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Telemedicine Expansion Continues Amid Skepticism

Experts and insurers remain wary and question cost savings

Telemedicine is believed to provide an alternative to in-person care, with the potential to provide high-quality health care at a reduced cost. St. Mercy Hospital in St. Louis believes in the prospects of telemedicine and is set to begin a telemedicine initiative to help treat thousands of patients across five states. 

The new facility, Kaiser Health News reports, will provide more patients in remote parts of the Midwest and South with health monitoring that is comparable to what a patient could get in a big hospital, said Tom Hale, executive medical director of Mercy Virtual. He said telemedicine can be of high quality and cheaper than in-person care.

A lot of what Hale and his team now provide is care for patients in rural areas, but its use may soon explode with a different group of patients: baby boomers who want to age at home instead of in a nursing facility. Industry analyst Sarah Turk of IBISWorld says that could propel telehealth to a $3.5 billion industry by 2020.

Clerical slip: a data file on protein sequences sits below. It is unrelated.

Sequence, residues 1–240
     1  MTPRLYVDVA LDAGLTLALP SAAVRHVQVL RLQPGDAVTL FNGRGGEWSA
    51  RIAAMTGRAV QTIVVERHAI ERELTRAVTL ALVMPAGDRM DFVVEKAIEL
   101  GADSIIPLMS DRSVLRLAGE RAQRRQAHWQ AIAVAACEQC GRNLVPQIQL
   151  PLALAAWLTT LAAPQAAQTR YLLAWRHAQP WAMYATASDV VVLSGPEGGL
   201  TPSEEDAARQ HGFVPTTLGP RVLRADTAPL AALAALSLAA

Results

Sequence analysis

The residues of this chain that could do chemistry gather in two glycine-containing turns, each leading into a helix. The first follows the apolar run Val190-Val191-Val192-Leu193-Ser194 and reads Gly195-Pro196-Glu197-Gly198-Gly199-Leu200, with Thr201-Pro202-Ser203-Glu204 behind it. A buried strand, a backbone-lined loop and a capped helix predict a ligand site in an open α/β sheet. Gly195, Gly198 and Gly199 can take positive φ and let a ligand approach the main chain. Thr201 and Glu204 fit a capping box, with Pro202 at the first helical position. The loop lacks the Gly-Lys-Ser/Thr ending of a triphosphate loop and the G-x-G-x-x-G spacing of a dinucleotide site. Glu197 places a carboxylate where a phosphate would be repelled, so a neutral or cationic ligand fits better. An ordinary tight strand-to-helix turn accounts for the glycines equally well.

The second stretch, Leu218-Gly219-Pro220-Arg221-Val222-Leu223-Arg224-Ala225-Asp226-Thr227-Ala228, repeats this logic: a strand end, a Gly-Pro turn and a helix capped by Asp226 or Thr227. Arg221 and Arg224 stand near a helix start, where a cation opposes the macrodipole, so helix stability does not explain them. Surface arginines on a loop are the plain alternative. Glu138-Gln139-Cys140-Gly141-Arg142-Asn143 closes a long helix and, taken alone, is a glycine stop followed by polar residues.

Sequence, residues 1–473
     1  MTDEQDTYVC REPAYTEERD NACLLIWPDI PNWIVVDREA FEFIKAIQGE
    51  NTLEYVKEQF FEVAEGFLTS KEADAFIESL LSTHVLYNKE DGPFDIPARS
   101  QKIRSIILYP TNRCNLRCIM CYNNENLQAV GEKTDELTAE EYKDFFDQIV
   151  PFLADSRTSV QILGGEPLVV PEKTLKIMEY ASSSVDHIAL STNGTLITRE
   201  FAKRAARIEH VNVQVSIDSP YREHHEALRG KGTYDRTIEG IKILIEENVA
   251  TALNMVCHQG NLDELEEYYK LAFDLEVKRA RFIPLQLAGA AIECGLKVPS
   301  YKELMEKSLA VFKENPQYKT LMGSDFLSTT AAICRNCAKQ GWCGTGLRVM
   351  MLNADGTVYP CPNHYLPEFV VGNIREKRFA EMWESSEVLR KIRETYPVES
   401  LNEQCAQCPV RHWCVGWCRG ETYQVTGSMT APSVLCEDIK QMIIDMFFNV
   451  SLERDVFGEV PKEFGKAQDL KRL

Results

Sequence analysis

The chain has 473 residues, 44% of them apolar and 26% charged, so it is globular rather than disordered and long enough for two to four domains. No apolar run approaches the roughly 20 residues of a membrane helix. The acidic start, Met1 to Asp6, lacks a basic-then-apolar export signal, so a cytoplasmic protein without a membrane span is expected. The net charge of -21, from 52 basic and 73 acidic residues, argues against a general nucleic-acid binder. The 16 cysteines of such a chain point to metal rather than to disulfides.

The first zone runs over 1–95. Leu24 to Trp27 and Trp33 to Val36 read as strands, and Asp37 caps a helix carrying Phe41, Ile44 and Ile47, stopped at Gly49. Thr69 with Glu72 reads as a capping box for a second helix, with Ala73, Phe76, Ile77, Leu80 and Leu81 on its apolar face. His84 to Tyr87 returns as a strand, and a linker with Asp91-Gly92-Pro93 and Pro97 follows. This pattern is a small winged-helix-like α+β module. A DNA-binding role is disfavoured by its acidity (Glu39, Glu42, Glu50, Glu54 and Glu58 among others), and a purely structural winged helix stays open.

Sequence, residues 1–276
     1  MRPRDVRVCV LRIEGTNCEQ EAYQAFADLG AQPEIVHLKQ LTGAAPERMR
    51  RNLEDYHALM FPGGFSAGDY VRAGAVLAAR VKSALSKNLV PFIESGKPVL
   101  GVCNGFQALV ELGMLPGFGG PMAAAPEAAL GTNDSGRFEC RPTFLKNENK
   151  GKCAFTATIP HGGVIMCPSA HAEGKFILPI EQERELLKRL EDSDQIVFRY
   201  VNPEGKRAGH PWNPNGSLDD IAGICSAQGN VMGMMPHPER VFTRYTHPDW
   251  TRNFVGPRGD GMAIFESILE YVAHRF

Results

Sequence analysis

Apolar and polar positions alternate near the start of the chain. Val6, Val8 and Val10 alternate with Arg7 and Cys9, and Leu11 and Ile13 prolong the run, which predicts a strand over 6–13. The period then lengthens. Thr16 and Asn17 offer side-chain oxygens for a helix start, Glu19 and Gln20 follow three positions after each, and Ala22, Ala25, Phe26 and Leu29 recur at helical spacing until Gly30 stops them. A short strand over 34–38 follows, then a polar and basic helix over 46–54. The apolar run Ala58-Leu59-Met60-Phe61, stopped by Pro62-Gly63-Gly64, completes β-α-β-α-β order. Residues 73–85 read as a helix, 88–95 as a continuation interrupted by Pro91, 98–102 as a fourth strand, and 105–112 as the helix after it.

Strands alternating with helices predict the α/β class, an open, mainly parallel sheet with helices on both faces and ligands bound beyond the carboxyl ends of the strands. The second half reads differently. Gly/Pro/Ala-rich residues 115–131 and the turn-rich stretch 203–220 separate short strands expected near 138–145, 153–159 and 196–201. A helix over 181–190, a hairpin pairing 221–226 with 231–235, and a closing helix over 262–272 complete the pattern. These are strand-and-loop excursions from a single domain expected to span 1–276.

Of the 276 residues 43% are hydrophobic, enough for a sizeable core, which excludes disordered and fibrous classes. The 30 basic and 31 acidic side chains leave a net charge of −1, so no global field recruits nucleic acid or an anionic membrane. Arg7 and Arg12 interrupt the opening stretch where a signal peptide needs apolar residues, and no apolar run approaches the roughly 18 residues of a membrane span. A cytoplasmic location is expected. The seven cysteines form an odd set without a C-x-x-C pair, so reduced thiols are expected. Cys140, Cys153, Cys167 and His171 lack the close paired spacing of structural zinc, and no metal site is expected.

“Coverage will be expanded to include more physicians and more specialties and also a range of communications,” she said. “So instead of it being only interactive video consultation, it could be text messaging as well.”

But she said the telehealth boom still faces some big challenges. Many insurance companies have been slow to pay for telemedicine. Medicare is a financial powerhouse, and insurance companies often follow its lead on payments. Medicare only pays for telemedicine in rural or medically underserved areas and only when video conferencing is used.

 Dr. Ashish Jha of Harvard University said insurers have good reason to be skeptical. He says telemedicine does seem to provide good access to high-quality medical care, but even though it could save money theoretically, that’s not what is happening.

“What tends to happen is that it tends to be an addition,” Jha explained. “You do the telemedicine, it leads to more tests. It leads to more follow-up visits. And over time, when you look at the data, it turns out that telemedicine overall is not necessarily a big cost saver.”

Source: Kaiser Health News; October 5, 2015.

 

 

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